Westmoreland and Lyndon Johnson were preoccupied with the siege of Khe Sanh, which lasted for 77 days, with nearly 6,000 Marines defending three small hills from an NVA force of as many as 40,000. Westmoreland even dismissed the Tet Offensive itself as an effort to draw US forces away from Khe Sanh, although the military logic was actually the reverse—the Vietnamese successfully drew the US combat reserve away from Saigon, Hue and other cities, contributing to the initial successes of the uprising.
Ultimately, the futility of the US intervention in Vietnam was further underscored by the fate of Khe Sanh. After the siege of nearly three months was lifted, and the NVA troops retreated back into the mountains and across the DMZ, the Marines held the position for another two months without incident, then evacuated the remote area for which so much blood had been shed.
The political consequences of Tet
Even before the opening of the offensive, the Johnson administration was in deepening political crisis. Secretary of Defense Robert McNamara, having concluded that the war was hopeless and could not be won, submitted his resignation to Johnson, who accepted it in November 1967, naming a longtime Washington lawyer and Democratic power broker, Clark Clifford, to take McNamara’s place. As a result, when the Tet Offensive was launched, the Pentagon was under a lame duck civilian leader, while his replacement, publicly announced a few weeks before, would not officially take office until March 1, 1968.
Also in November 1967, Senator Eugene McCarthy of Minnesota announced he would challenge Johnson for the Democratic presidential nomination, appealing to antiwar voters and seeking to prevent the emergence of a political movement to the left of the Democratic Party. He said in his announcement speech that he would oppose any effort “to make threat of support for third parties or fourth parties or other irregular political movements.”
The Tet Offensive (as well as the ongoing siege of Khe Sanh) had an enormous impact on public opinion in the United States. Throughout the month of February, US television screens were filled with images of house-to-house combat in cities and towns in Vietnam that were supposedly secure. US casualties mounted (1968 became by far the bloodiest year of the war, with nearly 15,000 American deaths).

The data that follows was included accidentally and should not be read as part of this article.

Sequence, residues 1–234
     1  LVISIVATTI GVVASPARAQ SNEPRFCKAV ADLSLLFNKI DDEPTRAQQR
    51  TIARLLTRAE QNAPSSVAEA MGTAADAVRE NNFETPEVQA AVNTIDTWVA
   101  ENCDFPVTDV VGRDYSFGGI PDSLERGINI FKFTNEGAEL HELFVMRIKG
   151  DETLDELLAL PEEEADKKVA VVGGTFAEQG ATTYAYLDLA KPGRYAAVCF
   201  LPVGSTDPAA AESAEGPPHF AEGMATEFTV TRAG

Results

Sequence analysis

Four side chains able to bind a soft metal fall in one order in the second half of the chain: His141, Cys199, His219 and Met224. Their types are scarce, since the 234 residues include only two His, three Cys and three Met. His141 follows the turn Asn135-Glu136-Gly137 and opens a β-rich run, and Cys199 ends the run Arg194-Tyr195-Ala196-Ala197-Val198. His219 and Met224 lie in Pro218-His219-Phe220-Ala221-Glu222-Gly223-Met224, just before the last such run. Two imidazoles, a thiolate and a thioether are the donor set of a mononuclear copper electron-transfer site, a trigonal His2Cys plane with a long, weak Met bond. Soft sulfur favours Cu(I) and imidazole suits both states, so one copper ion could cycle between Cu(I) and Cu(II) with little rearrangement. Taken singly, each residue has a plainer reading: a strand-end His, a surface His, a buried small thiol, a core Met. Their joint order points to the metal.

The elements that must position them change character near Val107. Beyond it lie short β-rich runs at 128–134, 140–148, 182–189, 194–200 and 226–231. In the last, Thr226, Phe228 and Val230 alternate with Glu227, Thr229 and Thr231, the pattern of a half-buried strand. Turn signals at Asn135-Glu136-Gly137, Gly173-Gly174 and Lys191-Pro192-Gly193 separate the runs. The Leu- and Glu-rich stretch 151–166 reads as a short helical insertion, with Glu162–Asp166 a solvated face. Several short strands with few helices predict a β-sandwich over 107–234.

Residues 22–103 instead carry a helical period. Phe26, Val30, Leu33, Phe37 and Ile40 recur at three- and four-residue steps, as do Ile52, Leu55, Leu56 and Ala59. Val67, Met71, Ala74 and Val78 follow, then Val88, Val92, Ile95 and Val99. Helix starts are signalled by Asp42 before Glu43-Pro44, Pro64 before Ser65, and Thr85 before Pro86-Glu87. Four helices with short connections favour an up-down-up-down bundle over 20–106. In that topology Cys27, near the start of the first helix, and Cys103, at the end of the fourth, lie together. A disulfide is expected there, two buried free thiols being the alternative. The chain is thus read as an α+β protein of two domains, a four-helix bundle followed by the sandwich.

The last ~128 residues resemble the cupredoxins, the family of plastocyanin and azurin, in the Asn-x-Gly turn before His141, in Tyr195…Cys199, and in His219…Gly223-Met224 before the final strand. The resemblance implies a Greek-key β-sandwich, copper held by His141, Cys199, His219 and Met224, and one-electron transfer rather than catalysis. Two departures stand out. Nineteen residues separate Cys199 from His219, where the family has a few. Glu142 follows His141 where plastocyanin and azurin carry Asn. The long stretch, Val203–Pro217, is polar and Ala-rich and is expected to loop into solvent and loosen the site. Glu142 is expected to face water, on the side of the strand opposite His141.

The month of March 1968 brought the political consequences of the Vietnam disaster to a head. Initially more hawkish than McNamara, Clifford found that the generals could not supply a reasonable estimate of the resources required to win the war. On March 4, he reported to Johnson that “there is no reason to believe” that the NLF could be defeated by “an additional two hundred thousand American troops, or double or triple that quantity.”
On March 12 came the New Hampshire primary. McCarthy came within a few hundred votes of defeating an incumbent president. Four days later, Senator Robert F. Kennedy announced he would challenge Johnson as well, making an appeal both to antiwar voters and to former supporters of his brother, assassinated in 1963.
Perhaps the most crucial episode came in a “vote” by a much smaller constituency: a group of former top national security officials, headed by former Secretary of State Dean Acheson, and dubbed the “wise men” in contemporary accounts. This group had been assembled the previous fall and generally backed Johnson’s policies in Vietnam. Clifford convened them for a second time on March 25, and they listened to reports from top Pentagon officials.